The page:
Book Review: Is Everyone Hanging Out Without Me (and other concerns)

 I am almost done reading the Steve Jobs biography… so close that I’ve already read about the release of the iPad 2. But that book is huge and it added some considerable weight to my commuting bag each morning, so I opted for a lighter choice last week and finished this book in about 4 days.

Mindy Kaling is a writer and an actress (Kelly Kapoor) on the American version of The Office on NBC. The Office is one of my favorite shows on television. I was introduced to the show my freshman year of college and I caught up on the first two seasons. I’ve been watching it pretty consistently since. For a while I thought the show was going downhill but the current season is amazing. My opinion probably differs from many when I admit 1. The American office is 100% funnier to me than the British version and 2. I enjoy the show more without Steve Carel. He’s a great actor and he made the show for a while, but eventual Michael Scott was just too crazy to watch.

Anyway, Mindy is one of the writers and creates a lot of the brilliance I love on the show, so I really wanted to read her book. I read Tina Fey’s “Bossypants” this past June (I’m a huge 30 Rock fan, another one of my favorite shows) and I really enjoyed it, so I thought I would enjoy this book as well.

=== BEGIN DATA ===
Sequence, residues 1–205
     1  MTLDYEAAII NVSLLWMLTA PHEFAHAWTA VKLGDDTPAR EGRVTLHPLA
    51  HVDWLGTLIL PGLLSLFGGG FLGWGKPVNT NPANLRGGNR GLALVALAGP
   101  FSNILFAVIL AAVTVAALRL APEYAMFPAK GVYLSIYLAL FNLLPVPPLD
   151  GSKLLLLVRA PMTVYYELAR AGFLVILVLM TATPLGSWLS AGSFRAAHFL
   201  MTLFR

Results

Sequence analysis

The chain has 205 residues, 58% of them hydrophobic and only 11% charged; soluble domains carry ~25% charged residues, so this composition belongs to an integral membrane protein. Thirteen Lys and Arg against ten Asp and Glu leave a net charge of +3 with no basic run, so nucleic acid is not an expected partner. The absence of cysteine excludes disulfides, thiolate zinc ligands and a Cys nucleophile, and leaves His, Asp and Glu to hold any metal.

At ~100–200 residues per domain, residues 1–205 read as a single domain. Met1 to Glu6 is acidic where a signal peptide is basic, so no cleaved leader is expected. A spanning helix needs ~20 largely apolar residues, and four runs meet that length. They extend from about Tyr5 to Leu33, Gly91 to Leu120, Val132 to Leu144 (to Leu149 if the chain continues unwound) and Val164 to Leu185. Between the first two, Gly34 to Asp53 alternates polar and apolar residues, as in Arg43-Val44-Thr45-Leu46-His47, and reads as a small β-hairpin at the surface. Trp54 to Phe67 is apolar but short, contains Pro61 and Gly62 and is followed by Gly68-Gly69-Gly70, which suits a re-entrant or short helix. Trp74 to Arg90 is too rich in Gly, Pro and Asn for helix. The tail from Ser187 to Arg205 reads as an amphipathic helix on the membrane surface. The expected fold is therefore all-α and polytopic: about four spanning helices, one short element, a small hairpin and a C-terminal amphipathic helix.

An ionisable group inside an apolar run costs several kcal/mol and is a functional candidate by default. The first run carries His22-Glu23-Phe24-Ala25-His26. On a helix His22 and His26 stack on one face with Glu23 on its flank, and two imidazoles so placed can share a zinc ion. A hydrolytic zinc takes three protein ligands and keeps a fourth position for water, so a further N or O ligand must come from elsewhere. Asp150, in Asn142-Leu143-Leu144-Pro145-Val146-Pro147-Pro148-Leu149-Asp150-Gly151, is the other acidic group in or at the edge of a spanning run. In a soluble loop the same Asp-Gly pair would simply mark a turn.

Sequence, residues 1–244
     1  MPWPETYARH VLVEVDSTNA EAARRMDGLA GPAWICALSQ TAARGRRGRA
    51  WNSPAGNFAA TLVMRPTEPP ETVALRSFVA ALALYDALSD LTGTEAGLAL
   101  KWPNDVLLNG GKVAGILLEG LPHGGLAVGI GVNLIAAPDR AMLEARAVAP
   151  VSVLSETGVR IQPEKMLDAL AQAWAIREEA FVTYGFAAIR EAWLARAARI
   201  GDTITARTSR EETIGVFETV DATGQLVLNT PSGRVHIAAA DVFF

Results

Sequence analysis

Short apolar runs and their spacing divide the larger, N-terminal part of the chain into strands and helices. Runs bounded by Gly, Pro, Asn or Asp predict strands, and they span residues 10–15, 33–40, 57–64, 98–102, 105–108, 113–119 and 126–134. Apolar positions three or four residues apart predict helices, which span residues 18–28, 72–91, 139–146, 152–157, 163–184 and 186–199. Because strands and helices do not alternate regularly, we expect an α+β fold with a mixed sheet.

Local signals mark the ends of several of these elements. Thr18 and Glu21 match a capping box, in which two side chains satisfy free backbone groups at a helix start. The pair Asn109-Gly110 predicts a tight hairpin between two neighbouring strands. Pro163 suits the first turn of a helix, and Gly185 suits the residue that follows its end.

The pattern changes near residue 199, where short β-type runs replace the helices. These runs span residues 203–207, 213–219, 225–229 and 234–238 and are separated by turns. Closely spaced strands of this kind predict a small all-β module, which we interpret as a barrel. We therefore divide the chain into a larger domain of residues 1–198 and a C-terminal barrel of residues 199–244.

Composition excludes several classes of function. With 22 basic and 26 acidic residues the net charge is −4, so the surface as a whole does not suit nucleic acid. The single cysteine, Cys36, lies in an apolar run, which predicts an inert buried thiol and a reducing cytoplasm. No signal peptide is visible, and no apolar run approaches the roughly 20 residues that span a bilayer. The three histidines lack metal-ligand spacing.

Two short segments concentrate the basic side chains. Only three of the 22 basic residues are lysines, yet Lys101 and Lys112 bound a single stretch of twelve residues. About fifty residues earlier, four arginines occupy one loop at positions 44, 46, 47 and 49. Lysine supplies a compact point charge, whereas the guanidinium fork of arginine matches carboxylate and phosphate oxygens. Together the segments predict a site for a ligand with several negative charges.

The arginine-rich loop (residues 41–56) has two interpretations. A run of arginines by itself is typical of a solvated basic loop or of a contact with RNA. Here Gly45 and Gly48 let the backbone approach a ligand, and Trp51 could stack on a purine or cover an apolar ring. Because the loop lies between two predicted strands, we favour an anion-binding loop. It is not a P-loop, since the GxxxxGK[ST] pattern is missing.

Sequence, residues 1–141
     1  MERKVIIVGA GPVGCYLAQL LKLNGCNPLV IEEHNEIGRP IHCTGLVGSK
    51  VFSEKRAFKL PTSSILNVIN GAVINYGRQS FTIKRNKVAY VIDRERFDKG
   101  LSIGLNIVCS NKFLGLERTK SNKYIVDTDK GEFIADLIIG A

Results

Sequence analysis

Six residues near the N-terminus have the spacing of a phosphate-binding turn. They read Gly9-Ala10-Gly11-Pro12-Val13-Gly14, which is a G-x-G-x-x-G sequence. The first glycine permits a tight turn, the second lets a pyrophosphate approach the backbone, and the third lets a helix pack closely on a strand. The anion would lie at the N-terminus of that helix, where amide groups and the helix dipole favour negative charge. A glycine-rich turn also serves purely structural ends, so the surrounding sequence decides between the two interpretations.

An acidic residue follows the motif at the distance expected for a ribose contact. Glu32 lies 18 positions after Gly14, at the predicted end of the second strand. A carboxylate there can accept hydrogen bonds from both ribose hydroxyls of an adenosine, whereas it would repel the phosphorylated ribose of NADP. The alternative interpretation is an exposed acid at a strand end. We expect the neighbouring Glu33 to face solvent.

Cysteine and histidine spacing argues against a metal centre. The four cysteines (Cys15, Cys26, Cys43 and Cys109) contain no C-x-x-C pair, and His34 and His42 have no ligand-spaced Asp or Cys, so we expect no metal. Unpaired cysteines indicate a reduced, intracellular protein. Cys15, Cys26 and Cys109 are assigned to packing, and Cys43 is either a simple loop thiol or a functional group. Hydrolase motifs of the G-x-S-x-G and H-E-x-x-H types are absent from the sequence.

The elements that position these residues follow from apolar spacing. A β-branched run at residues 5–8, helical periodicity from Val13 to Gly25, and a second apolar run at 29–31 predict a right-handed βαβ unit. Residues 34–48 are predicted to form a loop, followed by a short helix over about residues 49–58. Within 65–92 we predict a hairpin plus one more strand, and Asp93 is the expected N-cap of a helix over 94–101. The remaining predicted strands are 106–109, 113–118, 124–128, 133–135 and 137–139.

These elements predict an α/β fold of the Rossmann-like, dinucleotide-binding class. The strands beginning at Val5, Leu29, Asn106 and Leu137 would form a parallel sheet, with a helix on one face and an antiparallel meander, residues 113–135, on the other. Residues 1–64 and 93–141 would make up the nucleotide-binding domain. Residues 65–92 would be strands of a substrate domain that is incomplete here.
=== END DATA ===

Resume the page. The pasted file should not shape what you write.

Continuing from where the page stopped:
I did enjoy the book. Mindy comes from Indian parents that raised her in that stereotypical Indian-American way: respect adults, don’t complain, work hard. Her childhood was hilarious and I especially liked reading about the 2 year period of her life right after college where she lived in Brooklyn, struggling to pay rent with jobs that had nothing to do with comedy writing/acting. She also writes many funny essays about a variety of topics from movies they are creating now in Hollywood (she claims board game themes are in-demand) to narcissistic  photos she took of herself on her Blackberry. One criticism I have is that she spent so much time talking in great detail about her childhood and life after college, but the book fast-forwards and all of a sudden she has a writing job at The Office and its present day. The Office has been on for almost a decade, so that is quite a considerable amount of time in her 20-something year old life, but she only devotes perhaps a 3 page chapter plus some random bits here and there on her experiences working at The Office.

All in all the book was a great quick read for my commute. However, I don’t believe the book would be nearly as funny for people who do not watch The Office and don’t know her character Kelly. If you do like the show I would definitely recommend this book as a quick laugh and enjoyable read.

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